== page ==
U.S. Consumer Bureau Seeks Comments on Prepaid Debit Card Rules
The Consumer Financial Protection Bureau is seeking comment on what should be included in a forthcoming regulation on prepaid debit cards.
“Right now, prepaid cards have far fewer regulatory protections than bank accounts or debit or credit cards,” the bureau’s director, Richard Cordray, said in an e-mailed statement.
Rules on prepaid cards could squeeze the revenue that companies such as Wal-Mart Stores Inc. (WMT), Green Dot Corp. (GDOT) and NetSpend Holdings Inc. (NTSP) collect on prepaid cards. Mercator Advisory Group, a Maynard, Massachusetts-based consulting firm, says that the amount loaded on prepaid cards in the U.S. is growing by 42 percent per year and will hit $167 billion in 2014, according to the bureau.
The agency is requesting public comment on the new rule by July 22. The regulation will cover so-called general purpose reloadable cards, prepaid cards that can be restocked with cash once the initial amount is drawn down.
The consumer bureau plans to propose a draft regulation by early 2013, according to a person with direct knowledge of its plans.
The bureau is holding a field hearing on its plans for prepaid cards today in Durham, North Carolina. The hearing will include representatives of the prepaid card industry and consumer advocates.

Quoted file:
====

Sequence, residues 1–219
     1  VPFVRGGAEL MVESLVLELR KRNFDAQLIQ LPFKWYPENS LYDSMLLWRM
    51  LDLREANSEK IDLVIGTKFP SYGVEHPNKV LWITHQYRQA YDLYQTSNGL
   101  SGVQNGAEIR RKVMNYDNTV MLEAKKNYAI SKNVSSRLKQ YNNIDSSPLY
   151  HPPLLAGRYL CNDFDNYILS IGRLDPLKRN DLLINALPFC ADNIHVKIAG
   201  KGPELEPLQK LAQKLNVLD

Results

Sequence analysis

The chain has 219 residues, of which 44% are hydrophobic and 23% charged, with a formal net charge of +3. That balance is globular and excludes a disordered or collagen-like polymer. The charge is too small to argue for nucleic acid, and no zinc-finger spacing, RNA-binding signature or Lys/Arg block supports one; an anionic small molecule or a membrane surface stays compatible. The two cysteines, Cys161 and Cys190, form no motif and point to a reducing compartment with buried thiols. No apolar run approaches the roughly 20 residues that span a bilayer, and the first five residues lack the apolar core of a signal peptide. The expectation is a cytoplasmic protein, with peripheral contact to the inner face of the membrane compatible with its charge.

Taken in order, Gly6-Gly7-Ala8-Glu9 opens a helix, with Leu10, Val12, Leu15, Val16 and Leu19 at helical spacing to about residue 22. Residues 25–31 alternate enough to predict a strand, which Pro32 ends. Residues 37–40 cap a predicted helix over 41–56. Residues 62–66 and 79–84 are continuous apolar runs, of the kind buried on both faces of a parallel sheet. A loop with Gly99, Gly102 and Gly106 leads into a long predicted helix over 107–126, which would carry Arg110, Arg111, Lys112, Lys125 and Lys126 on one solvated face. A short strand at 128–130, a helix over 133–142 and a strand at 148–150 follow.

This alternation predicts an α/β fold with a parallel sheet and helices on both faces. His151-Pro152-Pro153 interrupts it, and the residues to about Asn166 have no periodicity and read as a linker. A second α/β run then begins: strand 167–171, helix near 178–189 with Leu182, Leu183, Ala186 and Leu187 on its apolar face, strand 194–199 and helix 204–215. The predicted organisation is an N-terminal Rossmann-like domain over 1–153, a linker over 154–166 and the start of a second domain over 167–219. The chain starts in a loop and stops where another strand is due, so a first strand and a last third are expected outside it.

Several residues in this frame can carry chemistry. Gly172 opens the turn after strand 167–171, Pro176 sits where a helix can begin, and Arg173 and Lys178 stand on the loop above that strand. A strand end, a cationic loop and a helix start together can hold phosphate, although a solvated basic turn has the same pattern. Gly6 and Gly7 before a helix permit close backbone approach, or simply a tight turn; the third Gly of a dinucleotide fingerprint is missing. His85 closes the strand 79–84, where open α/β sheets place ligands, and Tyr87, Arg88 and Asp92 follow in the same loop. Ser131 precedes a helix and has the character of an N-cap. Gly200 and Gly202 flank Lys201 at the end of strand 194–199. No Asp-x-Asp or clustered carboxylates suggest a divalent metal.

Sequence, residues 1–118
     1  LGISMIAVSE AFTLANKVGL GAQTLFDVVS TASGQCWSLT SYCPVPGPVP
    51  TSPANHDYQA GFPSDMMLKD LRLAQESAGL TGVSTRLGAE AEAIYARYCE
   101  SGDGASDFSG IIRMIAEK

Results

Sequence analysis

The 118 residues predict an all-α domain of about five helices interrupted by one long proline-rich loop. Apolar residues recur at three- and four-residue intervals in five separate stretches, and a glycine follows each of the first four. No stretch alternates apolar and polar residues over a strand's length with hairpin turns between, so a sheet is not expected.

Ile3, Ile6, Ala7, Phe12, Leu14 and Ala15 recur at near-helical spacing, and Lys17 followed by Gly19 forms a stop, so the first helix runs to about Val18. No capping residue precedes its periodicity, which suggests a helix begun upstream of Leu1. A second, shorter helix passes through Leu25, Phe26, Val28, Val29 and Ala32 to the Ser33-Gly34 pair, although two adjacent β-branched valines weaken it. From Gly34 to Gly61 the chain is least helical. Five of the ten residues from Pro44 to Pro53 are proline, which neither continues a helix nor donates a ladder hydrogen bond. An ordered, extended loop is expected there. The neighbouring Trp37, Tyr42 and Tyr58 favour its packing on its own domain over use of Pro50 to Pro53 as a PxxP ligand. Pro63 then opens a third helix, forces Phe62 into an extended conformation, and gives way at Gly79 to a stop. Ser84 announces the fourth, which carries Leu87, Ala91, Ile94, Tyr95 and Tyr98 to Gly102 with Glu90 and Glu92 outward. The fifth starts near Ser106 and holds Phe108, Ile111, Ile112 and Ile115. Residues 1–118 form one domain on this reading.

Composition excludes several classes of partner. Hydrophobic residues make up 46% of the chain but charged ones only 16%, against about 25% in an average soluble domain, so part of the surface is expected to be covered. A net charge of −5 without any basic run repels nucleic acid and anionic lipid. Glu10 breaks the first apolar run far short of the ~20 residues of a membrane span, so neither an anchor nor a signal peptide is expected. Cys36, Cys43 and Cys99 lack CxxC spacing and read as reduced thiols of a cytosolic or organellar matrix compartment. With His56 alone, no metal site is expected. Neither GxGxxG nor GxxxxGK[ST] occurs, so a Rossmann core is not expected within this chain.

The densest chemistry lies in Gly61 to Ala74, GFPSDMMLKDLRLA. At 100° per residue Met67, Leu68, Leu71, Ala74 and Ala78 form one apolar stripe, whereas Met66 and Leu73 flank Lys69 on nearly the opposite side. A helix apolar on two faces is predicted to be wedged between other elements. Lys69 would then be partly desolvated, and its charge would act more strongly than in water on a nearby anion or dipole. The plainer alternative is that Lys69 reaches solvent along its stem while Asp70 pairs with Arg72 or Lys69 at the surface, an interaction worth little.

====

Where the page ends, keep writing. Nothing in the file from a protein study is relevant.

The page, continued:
In a statement prepared for the hearing, Cordray stressed that the focus will be on “safety and transparency” in the prepaid card market.
‘Tricks or Traps’
“We believe that innovation can bring great benefits to consumers and can provide those outside the traditional banking system with more access to financial products that meet their needs,” Cordray said in the prepared statement. “But we have a duty to make sure these products are safe for consumers and that prepaid card issuers do not make money by relying on tricks or traps.”
Prepaid cards do not have the same protections as credit cards if they’re lost or stolen, the money they hold is not always insured by the Federal Deposit Insurance Corp., and only sometimes are fees for checking balances or adding value disclosed on the cards’ packaging, according to Cordray’s statement.
On some cards, he said in the statement, “the fees, terms and conditions that apply to the card are printed on an inner flap or in a magnificent origami pamphlet located inside the package.”
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